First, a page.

Foil does play a role in chicken preparation. However, it is not the only advice we would give you to have moist baked chicken in the oven. As mentioned, it will not make the skin crispy.
Here are 4 tips to help you achieve the moistest baked chicken possible:
- In general, bone pieces are juicier. Still, making skinless and boneless breasts tender and delicious is possible. Lower temperatures are best than higher ones for moisture and flavor. It is best to bake the chicken for longer at a low temperature than overcook it at high temperatures.
- Favor olive oil over butter if you can. Olive oil will maintain the natural moistness of the meat and add extra flavor while enhancing the chicken’s natural taste.
- As a rule of thumb, when selecting a baking time, check the thickness of your meat. Larger pieces require more time to cook. If you are running short on time, you may want to consider cutting larger pieces in half to make them less thick and thus reduce cooking times.
- For increased flavor, you can roast chicken on a bed of vegetables. This way, the juices of the meat will drip to the veggies and provide them with a unique and delicious taste. However, you’ll need to pick vegetables that will stand up to the chicken’s long cooking time requirements. Root vegetables as potatoes or squash do very well, but so do celery and onion (cut into large pieces).
How to Bake Tender Chicken
No one likes overcooked chicken. Those dry pieces of meat are just not pleasant to eat. So after brining, you should pay attention to how you bake your chicken.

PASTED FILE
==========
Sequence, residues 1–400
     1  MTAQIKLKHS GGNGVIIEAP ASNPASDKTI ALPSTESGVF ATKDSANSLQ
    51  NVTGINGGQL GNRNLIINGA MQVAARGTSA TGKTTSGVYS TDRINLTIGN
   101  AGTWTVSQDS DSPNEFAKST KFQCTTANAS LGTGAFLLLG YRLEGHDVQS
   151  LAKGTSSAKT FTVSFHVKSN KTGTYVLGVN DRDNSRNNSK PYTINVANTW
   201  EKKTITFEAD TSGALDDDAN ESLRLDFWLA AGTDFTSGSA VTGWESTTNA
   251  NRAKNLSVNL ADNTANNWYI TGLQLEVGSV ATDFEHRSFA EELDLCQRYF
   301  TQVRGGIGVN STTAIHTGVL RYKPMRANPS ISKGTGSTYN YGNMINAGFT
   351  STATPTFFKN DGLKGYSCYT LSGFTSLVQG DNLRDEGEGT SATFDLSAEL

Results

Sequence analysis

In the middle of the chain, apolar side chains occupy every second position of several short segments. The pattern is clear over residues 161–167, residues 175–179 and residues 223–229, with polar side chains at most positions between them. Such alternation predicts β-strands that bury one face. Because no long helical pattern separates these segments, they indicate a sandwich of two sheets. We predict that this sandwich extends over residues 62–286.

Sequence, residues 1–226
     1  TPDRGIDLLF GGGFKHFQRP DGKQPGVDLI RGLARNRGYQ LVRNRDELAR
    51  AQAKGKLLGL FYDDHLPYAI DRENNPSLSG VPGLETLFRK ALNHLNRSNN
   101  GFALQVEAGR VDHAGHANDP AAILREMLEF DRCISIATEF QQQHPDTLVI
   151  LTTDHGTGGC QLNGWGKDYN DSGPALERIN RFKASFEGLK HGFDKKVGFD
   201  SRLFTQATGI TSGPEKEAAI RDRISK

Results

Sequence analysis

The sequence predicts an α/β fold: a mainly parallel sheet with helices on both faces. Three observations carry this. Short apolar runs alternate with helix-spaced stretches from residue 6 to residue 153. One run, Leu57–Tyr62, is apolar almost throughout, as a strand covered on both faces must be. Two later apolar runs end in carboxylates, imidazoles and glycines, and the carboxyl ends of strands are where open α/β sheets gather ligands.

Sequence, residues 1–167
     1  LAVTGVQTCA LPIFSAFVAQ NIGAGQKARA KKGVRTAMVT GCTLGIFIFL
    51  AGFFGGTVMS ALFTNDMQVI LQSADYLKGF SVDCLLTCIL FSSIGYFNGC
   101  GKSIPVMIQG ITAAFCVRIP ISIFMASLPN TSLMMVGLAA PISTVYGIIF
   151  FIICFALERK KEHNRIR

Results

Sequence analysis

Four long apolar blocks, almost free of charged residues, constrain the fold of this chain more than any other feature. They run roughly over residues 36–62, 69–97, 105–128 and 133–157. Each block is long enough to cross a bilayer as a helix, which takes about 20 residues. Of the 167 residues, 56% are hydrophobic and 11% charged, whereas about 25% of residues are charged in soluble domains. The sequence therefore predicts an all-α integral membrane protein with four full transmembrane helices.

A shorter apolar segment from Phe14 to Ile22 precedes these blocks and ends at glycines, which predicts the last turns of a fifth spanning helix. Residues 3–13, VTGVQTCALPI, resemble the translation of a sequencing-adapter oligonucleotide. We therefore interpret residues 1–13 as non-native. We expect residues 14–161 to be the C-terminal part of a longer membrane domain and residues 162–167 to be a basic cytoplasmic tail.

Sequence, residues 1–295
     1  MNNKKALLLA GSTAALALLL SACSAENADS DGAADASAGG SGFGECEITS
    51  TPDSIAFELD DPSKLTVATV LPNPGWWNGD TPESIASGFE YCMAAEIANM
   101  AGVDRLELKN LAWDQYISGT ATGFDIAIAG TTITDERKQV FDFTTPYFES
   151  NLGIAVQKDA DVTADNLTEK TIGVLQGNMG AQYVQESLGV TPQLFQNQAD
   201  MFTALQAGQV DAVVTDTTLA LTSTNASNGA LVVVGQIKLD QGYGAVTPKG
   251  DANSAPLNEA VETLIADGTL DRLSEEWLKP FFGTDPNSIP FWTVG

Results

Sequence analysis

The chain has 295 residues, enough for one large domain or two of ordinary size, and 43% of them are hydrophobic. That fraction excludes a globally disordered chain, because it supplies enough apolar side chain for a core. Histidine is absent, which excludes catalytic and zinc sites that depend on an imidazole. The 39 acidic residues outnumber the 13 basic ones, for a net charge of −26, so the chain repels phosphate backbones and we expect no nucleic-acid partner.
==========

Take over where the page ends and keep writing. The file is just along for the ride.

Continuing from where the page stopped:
As you would expect, the key to perfectly cooked juicy chicken lies in the temperature and baking time. However, those two factors depend on the condition of the meat you are going to cook. For example, not everyone knows fresh chicken requires different baking settings than thawed meat. Also, if you bake thighs, breasts, or drumsticks, the preparation will not be the same as cooking a whole bird.
Brush chicken pieces with oil, salt, pepper, and season to add more flavor and maintain juiciness. If you like that, you might even want to sprinkle some dried herbs. Thyme, rosemary, and oregano are some of the best spices, but it all depends on your personal preferences.
In general, you should warm the oven to 375 °F. But should you cover the chicken, or should you leave it just like that?
If you are baking drumsticks and thighs, leave it uncovered, but make sure you sprinkle enough oil and seasoning. Let chicken pieces without any coverage in the oven for about 45 to 55 minutes. If you have a thermometer, a more precise way to check the meat is to test its internal temperature.
- Boneless thighs and chicken breast with bones are ready at 170 °F, while bone-in drumsticks and thighs are good to go at 175 °F.
- Skinless and boneless breasts are perfect at 165 °F.
The thermometer can become your best friend in preventing overcooking, as long as you use it wisely. Don’t open the oven every ten minutes. Instead, be loyal to the 45 to 55 minutes guideline and use the thermometer for the final say.
Baking A Whole Chicken